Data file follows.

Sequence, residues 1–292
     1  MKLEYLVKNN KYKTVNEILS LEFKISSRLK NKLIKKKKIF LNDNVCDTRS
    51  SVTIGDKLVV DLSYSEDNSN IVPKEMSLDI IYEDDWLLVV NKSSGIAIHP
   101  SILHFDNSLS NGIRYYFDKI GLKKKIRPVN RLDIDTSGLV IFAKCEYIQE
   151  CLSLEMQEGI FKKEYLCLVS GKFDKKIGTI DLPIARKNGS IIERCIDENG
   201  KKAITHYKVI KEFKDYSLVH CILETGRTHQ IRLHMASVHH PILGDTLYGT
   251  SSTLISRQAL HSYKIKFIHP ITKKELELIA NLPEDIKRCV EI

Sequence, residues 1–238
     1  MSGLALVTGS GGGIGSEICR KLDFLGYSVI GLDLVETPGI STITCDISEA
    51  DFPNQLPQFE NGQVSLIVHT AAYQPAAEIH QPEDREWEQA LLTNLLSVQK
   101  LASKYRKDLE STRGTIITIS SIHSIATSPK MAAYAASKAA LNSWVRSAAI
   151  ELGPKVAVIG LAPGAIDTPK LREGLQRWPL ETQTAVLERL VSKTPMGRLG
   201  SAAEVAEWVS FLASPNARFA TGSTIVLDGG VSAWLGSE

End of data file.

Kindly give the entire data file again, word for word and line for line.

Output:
Sequence, residues 1–292
     1  MKLEYLVKNN KYKTVNEILS LEFKISSRLK NKLIKKKKIF LNDNVCDTRS
    51  SVTIGDKLVV DLSYSEDNSN IVPKEMSLDI IYEDDWLLVV NKSSGIAIHP
   101  SILHFDNSLS NGIRYYFDKI GLKKKIRPVN RLDIDTSGLV IFAKCEYIQE
   151  CLSLEMQEGI FKKEYLCLVS GKFDKKIGTI DLPIARKNGS IIERCIDENG
   201  KKAITHYKVI KEFKDYSLVH CILETGRTHQ IRLHMASVHH PILGDTLYGT
   251  SSTLISRQAL HSYKIKFIHP ITKKELELIA NLPEDIKRCV EI

Sequence, residues 1–238
     1  MSGLALVTGS GGGIGSEICR KLDFLGYSVI GLDLVETPGI STITCDISEA
    51  DFPNQLPQFE NGQVSLIVHT AAYQPAAEIH QPEDREWEQA LLTNLLSVQK
   101  LASKYRKDLE STRGTIITIS SIHSIATSPK MAAYAASKAA LNSWVRSAAI
   151  ELGPKVAVIG LAPGAIDTPK LREGLQRWPL ETQTAVLERL VSKTPMGRLG
   201  SAAEVAEWVS FLASPNARFA TGSTIVLDGG VSAWLGSE